CoSort Acceleration for Cognos Business Intelligence

by Jason Koivu

There are a number of business intelligence tools available today than can transform raw data into meaningful information. Because this process can be complex and involve large volumes of data however, it makes sense to use the right technologies at each step in the process … tools and techniques that combine well to deliver the fastest, most accurate results for business decision making, and make the process of metadata management and report design simpler and more efficient.

Founders of modern data warehousing like Ralph Kimball have long recommended the external preparation of big transaction data outside the database and ETL tool layer, in sequential (flat) files. This approach removes a regular, resource-draining overhead from systems designed for queries and integrations, and provides a central, platform-independent way to exchange and manage data. The same approach for business intelligence (BI) tools — called data franchising — has been espoused for years by experts like Richard Sherman for logically related reasons: Data Franchising on Information Management. In addition to better performance, Sherman points out that pre-staging data to be visualized avoids the inherent metadata complexity, redundancy and synchronization problems of performing transformations in the BI layer.

One of the best examples of BI optimization through technology combination is the use of IRI CoSort to franchise, or prepare, high volumes of transactional data for data visualization outside Cognos. IBM’s Cognos tool delivers visual information on cumulative financial performance, strategy management and business intelligence, typically for analytic purposes. CoSort’s Sort Control Language (SortCL) data transformation program simultaneously filters, sorts, joins, aggregates, segments and reformats data into subset CSV and other popular ‘feed’ files outside the BI layer.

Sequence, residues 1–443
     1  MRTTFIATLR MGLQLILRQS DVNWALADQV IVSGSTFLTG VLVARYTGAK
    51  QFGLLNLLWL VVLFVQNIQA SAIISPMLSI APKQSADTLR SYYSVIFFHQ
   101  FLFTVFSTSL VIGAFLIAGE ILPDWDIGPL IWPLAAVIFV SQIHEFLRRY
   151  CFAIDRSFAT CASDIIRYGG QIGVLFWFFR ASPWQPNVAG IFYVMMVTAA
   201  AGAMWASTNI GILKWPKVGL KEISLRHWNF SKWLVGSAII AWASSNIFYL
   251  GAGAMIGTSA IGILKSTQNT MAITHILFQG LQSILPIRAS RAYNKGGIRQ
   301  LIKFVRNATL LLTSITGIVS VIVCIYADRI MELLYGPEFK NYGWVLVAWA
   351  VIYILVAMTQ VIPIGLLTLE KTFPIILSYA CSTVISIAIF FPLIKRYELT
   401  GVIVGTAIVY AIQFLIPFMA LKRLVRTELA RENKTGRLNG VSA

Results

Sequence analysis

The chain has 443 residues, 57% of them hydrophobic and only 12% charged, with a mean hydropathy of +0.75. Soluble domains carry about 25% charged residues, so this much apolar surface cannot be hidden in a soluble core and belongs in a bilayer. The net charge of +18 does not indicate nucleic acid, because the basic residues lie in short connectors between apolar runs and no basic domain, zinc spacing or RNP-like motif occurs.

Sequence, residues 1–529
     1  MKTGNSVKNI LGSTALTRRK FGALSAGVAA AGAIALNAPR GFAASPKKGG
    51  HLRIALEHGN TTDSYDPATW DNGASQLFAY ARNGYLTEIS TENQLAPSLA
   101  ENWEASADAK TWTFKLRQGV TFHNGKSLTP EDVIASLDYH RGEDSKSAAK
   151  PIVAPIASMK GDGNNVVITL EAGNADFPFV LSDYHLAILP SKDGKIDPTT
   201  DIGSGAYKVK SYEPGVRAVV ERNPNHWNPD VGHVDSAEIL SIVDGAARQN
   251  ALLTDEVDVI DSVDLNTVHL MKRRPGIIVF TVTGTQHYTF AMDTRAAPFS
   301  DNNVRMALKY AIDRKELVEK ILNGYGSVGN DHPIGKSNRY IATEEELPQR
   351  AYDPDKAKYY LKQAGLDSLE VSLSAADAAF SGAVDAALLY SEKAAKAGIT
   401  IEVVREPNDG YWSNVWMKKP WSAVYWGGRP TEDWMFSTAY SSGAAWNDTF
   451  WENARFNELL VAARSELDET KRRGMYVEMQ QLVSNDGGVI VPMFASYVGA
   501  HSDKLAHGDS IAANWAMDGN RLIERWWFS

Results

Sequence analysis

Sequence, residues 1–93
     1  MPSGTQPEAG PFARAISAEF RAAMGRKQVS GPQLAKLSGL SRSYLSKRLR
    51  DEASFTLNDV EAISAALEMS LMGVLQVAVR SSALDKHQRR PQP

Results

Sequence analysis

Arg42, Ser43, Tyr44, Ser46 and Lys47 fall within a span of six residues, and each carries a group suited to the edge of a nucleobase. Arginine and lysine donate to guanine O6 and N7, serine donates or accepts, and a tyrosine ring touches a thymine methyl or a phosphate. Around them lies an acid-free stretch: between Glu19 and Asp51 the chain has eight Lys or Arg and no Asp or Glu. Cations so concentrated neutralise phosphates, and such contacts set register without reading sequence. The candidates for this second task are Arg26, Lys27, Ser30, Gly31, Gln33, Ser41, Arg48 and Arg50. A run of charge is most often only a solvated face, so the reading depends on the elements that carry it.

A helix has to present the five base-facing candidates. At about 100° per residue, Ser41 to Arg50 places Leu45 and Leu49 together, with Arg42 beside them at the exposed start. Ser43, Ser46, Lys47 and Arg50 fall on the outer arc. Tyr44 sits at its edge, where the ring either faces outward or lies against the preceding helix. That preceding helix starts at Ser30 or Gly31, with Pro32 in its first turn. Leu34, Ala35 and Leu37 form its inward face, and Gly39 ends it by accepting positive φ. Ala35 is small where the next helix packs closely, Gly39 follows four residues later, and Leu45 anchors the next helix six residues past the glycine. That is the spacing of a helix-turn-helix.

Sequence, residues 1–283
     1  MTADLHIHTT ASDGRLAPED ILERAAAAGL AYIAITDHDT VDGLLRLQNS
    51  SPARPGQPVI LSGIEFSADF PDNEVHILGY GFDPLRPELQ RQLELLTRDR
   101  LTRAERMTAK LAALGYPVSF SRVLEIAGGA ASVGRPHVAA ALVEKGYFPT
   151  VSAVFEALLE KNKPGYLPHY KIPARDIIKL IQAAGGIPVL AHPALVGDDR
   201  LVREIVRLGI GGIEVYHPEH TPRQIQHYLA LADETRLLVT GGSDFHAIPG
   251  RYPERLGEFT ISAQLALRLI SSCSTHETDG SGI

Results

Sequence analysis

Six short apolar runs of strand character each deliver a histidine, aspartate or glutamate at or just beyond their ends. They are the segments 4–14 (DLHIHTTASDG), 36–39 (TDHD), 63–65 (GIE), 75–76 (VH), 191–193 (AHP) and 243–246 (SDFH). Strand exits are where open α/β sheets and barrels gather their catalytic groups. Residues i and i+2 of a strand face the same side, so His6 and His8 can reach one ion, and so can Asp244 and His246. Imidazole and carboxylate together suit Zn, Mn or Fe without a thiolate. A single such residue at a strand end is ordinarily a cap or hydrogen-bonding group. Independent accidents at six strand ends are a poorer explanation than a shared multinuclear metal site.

As you would expect, staging data in flat files with CoSort — especially within a modern, metadata-managing, data-federating GUI like the IRI Workbench built on Eclipse — avoids the data integrity and reconciliation issues Sherman describes. Moreover, when high volumes of data are prepared in advance with CoSort, Cognos users can get their information in at least half the time it would otherwise take (using Cognos alone).

A simple laptop-based benchmark running Cognos under Windows XP SP3 on an Intel® Core™ CPU M370 @2.4GHz with 3 GB of DDR3 memory bears this out. When the necessary data transformations of sorting, joining, and aggregation were performed in Cognos for creating a report based on source data in 345MB and 89.2MB flat files, the entire job took 158 seconds:

Performing a sort, join, aggregation in Cognos

business intelligence

Accelerating Cognos with SortCL is straightforward, especially if you are familiar with Eclipse, or at least the structure of your source data. The IRI Workbench GUI for CoSort users is a convenient, graphical environment for discovering, defining, managing, and transforming data in flat files and/or data in RDBMS tables with SortCL. But whether you define the SortCL data definitions or job specifications in text files or with the GUI, the self-documenting nature of the 4GL makes it easy to create and maintain both forms of metadata. The free GUI merely automates many of these tasks:

business intelligence

The same transforms run in this one CoSort’s Sort Control Language (SortCL) program took 21 seconds on the same laptop, with the results available to multiple applications. In this case, the Cognos user who created the same report (above in 158 seconds) only needed another 58 seconds to run this report, meaning that the start-to-finish time using CoSort was only 79 seconds.

business intelligence

For more information on using CoSort for standalone or accelerated business intelligence, please see the Business Intelligence Solutions page available on IRI.com found here http://www.iri.com/solutions/business-intelligence and the other articles in the BI section of the IRI blog site.

Leave a Comment

Previous post:

Next post: